Lyn Brittan will share insights from her career as a writer during the writer’s conversation panel at Coastal Crime Fest 3 on March 19.
Lyn grew up wanting to live like her heroes, James Bond and Indiana Jones. She wasn’t totally successful and never had to shoot her way out of a hotel bedroom. She’s still coming to terms with it. Awards and woot-woots include: USA Today Bestseller and Galaxy Award Winner in 2013 and 2014.
To learn more about Lyn and her work, visit her online at http://www.lynbrittan.com.
One of the original members of Mystery by the Sea, C.B. Lane (Cindy) is also the lead organizer for the group’s annual conference, Coastal Crime Fest.
She grew up in Virginia Beach and graduated from First Colonial High School. After college in Blacksburg, Peace Corps in Senegal, and work in Northern California, she settled in Suffolk, where she lives on a farm near the Great Dismal with her husband and two wiener dogs who love to bark at everything that moves. She received her MFA in Creative Writing from Spalding University in 2013, for which she traveled to London, Barcelona, Italy, and Ireland. She’s a member of Sisters in Crime and Hampton Roads Writers and also takes classes regularly at The Muse Writers Center in Norfolk. She has some short stories in the world and is working on a novel set in Southeastern Virginia just after the Civil War. She blogs now and then at cblanewrites.wordpress.com.
Adele Gardner will share insights from her career as a writer and poet during the writer’s conversation panel at Coastal Crime Fest 3 on March 19.
Adele Gardner goes by her middle name to honor her father and mentor, Delbert R. Gardner—poet, scholar, and WWII veteran—for whom she’s literary executor. Her short story The Witches’ Bridge appears in Virginia Is for Mysteries Volume II and is her second published mystery story. The Adventure of the Hidden Lane appears in A Study in Lavender.
All told, Adele has had more than 325 short stories, poems, artwork/photographs, and nonfiction published in Daily Science Fiction, Legends of the Pendragon, The Doom of Camelot, American Arts Quarterly, The Cape Rock, and Magill’s Choice: 100 Masters of Mystery and Detective Fiction, among others. Her poetry collection, Dreaming of Days in Astophel, appears under her previous byline, Lyn C.A. Gardner. For more information about Adele and her work, visit her online at http://www.gardnercastle.com.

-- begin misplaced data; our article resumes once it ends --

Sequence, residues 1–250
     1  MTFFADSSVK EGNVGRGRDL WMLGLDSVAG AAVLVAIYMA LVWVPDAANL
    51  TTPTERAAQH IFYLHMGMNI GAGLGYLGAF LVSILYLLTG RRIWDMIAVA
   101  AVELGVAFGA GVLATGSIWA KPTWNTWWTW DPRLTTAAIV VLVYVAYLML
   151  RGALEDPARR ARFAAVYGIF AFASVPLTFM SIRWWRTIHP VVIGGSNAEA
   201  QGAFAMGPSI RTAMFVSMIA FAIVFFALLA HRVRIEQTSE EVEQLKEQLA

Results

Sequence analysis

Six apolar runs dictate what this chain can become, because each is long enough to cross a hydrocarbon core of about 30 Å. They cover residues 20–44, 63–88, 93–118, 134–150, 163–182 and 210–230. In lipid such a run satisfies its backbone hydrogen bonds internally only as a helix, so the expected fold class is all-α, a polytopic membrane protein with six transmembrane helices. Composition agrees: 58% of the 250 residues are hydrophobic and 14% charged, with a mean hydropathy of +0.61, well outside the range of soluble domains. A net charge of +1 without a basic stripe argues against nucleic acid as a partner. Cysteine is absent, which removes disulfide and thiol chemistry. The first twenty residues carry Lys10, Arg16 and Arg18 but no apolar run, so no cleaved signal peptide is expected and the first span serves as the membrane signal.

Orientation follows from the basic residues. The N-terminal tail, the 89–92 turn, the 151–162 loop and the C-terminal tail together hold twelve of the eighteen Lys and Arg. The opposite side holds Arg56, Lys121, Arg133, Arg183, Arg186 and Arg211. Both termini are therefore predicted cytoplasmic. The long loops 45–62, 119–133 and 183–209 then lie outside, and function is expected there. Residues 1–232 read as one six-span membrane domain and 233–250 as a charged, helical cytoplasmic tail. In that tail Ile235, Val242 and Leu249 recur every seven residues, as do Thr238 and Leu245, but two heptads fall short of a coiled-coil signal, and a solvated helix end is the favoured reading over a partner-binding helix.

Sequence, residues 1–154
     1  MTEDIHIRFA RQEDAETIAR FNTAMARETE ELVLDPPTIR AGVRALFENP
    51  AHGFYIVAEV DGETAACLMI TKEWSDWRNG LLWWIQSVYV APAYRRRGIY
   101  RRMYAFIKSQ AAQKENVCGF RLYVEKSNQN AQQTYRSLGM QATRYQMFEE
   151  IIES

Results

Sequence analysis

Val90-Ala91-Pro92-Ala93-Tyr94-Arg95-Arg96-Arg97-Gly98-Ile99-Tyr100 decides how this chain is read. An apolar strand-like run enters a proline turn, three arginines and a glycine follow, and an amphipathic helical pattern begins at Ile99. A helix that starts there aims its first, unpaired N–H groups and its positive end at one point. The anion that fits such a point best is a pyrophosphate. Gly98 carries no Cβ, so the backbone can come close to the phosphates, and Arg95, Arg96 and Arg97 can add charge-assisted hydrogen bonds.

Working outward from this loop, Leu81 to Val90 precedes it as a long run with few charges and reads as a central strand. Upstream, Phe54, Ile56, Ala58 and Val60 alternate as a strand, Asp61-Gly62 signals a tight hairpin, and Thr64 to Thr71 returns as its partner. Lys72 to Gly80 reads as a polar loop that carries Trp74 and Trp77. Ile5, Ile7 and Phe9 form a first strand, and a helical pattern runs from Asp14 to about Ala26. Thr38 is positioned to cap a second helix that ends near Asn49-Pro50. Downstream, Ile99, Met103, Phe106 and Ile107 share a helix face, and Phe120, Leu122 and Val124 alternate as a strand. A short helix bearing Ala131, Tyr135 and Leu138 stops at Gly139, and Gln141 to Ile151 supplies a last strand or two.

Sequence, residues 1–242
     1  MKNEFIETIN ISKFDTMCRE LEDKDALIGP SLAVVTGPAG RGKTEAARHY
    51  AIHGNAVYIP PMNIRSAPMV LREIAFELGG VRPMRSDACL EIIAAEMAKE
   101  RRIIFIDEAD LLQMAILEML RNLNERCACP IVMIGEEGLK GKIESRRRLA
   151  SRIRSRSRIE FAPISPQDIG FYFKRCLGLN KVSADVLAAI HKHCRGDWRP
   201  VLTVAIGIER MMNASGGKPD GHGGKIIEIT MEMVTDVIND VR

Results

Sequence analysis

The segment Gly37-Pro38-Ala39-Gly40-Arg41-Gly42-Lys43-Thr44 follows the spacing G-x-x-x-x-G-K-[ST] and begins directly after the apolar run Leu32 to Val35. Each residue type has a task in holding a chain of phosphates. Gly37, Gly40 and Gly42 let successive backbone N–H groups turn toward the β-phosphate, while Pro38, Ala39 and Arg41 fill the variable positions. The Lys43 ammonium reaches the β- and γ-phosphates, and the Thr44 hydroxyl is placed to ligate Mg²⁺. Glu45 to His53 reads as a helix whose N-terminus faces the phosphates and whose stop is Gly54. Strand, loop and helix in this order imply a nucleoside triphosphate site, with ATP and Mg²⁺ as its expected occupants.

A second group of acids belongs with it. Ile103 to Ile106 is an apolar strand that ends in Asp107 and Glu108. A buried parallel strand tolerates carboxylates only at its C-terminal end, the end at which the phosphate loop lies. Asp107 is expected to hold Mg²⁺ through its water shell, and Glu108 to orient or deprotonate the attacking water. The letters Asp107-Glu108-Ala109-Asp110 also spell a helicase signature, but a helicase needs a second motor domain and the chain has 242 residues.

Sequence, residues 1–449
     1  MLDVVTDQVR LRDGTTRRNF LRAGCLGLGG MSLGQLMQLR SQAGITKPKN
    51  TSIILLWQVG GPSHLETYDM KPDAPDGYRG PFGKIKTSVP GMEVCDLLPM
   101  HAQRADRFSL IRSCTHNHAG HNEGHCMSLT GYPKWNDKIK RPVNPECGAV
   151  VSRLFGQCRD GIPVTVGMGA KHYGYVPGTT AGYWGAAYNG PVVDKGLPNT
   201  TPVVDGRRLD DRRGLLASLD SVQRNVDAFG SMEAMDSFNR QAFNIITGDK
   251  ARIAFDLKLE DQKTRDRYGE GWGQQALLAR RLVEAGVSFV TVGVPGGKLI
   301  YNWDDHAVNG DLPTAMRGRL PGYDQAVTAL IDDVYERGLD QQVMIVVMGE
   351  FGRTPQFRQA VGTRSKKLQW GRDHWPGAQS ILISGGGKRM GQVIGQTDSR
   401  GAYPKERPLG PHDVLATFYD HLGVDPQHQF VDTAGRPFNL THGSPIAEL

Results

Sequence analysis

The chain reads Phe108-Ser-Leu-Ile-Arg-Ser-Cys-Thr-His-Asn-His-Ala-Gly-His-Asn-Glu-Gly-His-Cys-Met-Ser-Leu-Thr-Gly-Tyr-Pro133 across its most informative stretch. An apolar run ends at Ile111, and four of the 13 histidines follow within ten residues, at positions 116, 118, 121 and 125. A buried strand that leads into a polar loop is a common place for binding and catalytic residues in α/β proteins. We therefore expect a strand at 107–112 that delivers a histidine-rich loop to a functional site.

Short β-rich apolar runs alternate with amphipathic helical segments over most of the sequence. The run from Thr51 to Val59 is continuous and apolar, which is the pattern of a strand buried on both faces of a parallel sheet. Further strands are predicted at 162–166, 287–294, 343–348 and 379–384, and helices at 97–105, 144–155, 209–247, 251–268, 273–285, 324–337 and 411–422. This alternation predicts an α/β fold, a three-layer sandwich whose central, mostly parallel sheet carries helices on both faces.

Maria Hudgins will share insights from her career as a mystery writer during the writer’s conversation panel at Coastal Crime Fest 3 on March 19.
Maria grew up in the hills of eastern Tennessee in the little village of Mosheim and now lives in Hampton, Virginia, with Holly and Hamilton, her two Bichon Frise rescues. She taught high school science for 30 years and retired with a head full of information that often creeps into her novels. Maria is the author of five Dotsy Lamb Travel Mysteries, set in five different countries. She has also written two Lacy Glass Archaeology Mysteries, available on Kindle. Maria researches her the settings for her novels thoroughly—she is an inveterate traveler.
To learn more about Maria and her books, visit her online at http://mariahudgins.com/index.html. You can also follow her on Twitter.
Social media for writers was the topic at Mystery by the Sea’s July meeting. Group president Teresa Inge led a discussion about what writers should – and should not – do on their social media accounts. Here are some of her suggestions:
- Use social media to get your name out there and to get people buzzing about your work. Social media sites like Facebook, Twitter, and Tumblr are all great online platforms for writers to use.
- Connect with your readers one-on-one through the social media sites of your choice. Don’t be shy! In addition to liking and commenting on what others post, create original content of your own to keep your followers interested and engaged in a conversation. Be sure to write about upcoming book signings, book launches, and other events, but also provide your followers with content that isn’t centered on you or your work.
- Strike a friendly tone. When promoting your work, don’t express extreme opinions that may upset or alienate readers. Everyone has a bad day from time to time, but constantly griping on social media may not entice readers to pick up your books. Strive for posts with a fun, professional tone.
- Find other writers. Use social media to follow and engage with your fellow writers to keep up with industry trends and publishing opportunities. Be courteous and don’t post announcements about your work on other writers’ social media sites. Use the golden rule for the 21st century: If you wouldn’t want someone adding certain content to your site, don’t add it to theirs.
- Keep it up! Neglected social media accounts make you and your brand look bad. Before taking the plunge, make sure you have the time and content to contribute to your social media sites on a regular basis. Posting interesting, relevant content often will keep your followers coming back for more.
Bugged by your blog? Tormented by Twitter? Join Mystery by the Sea on Monday, July 13th, as we discuss how writers can use social media to promote their work, connect with readers, and interact with other writers.
The meeting will be held at the Greenbrier Library in Chesapeake from 6 to 8 p.m. in the upstairs meeting room. Writers of all levels are welcome to attend to ask questions and share their knowledge.